(ii) Ensuring proper agreement/relationship management, such as standard confidentiality clauses and, to the extent permissible, non-compete provisions (see below). Also, identifying trade secret information obtained from third parties, isolating it, and limiting access and use in accordance with the agreement.

(ii) Adopting proper document management, including labelling/classifying documents, establishing access/permission levels (limiting access to trade secrets or parts of them to certain employees/consultants, etc.), tracking and recording access, encryption, password protection, and physical lock and key methods (including limiting location for access, limiting downloading, printing, and the creation of copies).

(iii) Training employees (as well as consultants and third-party partners, as applicable) on appropriate measures to keep trade secrets safe; professionally remind departing employees and applicable third parties of their continuing confidentiality obligations.

(iv) Ensuring physical security: sign-in/sign-out procedures, security officers, physical security systems.

Last, policies and procedures should not be static. Laws change, so business and commercialization plans and priorities need to change, too, along with the technology used to protect trade secrets. It's imperative for businesses to review the aforementioned on a regular basis..

3. Employment law

Until recently, Canadian employers were able to utilize non-compete clauses in employment contracts as a tool to limit the disclosure of trade secrets. However, in November 2021, Ontario passed Bill 27, Working for Workers Act, which prohibits the use of non-compete clauses in Ontario through an amendment to the Ontario Employment Standards Act. This prohibition does not apply to "executives[5]" nor in situations relating to a condition of purchase or sale of a business or part of a business, and the seller thereafter becomes an employee of the purchaser.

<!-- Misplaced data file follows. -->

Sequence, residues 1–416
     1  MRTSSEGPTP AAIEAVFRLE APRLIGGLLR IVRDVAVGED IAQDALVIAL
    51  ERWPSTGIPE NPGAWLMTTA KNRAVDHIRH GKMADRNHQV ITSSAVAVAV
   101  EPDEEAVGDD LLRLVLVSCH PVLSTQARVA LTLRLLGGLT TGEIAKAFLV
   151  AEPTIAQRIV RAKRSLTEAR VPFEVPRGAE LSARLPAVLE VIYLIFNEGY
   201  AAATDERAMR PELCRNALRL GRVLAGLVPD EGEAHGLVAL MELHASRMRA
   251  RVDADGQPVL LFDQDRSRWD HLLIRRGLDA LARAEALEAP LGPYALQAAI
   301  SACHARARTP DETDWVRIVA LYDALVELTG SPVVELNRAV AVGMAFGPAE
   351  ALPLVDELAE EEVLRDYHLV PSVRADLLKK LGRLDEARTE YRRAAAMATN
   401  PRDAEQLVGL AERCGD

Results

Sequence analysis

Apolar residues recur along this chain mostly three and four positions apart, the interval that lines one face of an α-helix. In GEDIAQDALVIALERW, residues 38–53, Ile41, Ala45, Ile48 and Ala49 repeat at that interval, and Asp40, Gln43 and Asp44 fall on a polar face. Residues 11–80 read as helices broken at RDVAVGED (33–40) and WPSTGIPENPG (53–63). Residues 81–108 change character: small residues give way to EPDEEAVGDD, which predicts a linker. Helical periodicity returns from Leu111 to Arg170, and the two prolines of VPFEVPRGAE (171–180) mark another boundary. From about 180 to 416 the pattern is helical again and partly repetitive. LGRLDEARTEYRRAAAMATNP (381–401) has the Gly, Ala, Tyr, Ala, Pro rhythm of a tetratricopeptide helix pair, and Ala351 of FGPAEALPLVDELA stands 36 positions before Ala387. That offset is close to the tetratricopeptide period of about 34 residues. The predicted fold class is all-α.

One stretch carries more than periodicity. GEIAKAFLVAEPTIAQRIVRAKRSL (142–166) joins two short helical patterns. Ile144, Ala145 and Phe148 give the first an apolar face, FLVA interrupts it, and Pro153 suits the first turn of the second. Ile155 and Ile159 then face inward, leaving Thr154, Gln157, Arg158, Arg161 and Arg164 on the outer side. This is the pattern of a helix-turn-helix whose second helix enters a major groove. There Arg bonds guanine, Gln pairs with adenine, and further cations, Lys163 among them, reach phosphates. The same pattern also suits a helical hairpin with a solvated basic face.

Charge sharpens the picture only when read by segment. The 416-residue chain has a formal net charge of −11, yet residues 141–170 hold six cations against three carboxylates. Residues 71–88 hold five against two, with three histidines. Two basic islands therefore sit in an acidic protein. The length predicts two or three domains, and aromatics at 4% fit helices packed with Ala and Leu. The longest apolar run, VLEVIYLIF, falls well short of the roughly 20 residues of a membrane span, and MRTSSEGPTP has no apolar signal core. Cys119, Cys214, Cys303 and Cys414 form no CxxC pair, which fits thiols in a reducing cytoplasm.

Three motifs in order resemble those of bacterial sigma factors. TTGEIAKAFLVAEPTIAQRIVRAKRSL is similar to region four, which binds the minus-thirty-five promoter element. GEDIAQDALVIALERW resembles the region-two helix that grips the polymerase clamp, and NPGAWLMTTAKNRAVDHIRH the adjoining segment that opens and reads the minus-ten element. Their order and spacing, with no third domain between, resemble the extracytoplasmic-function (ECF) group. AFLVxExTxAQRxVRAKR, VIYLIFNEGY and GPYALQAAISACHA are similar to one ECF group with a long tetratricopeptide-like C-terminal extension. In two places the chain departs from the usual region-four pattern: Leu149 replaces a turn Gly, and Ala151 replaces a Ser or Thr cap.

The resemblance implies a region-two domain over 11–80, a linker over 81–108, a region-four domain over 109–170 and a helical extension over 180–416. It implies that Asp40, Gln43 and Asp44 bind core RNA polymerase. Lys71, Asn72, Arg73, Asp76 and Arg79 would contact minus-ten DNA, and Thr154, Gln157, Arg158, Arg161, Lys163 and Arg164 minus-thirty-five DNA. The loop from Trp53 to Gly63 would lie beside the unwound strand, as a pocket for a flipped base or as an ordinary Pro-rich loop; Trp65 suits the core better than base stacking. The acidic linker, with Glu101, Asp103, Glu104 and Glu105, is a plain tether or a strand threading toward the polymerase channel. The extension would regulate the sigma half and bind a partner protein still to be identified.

Although non-compete clauses are generally unenforceable in Ontario, they may be in other jurisdictions across Canada and internationally. Lawyers in the applicable jurisdictions should be consulted for clarification. Further, a non-compete clause does not preclude an employment contract that has continuing confidentiality obligations that survive the terms of employment. Conversely, as a hiring entity, it also does not preclude provisions that prevent an employee or contractor from using third-party confidential information or trade secrets.

When it comes to protecting trade secrets, investing in good policies, procedures, and security measures should be seen as not just the cost of doing business, but an investment in a valuable asset. That asset can ultimately help distinguish the unique products and services of a business, and should be closely monitored, guarded, and contained.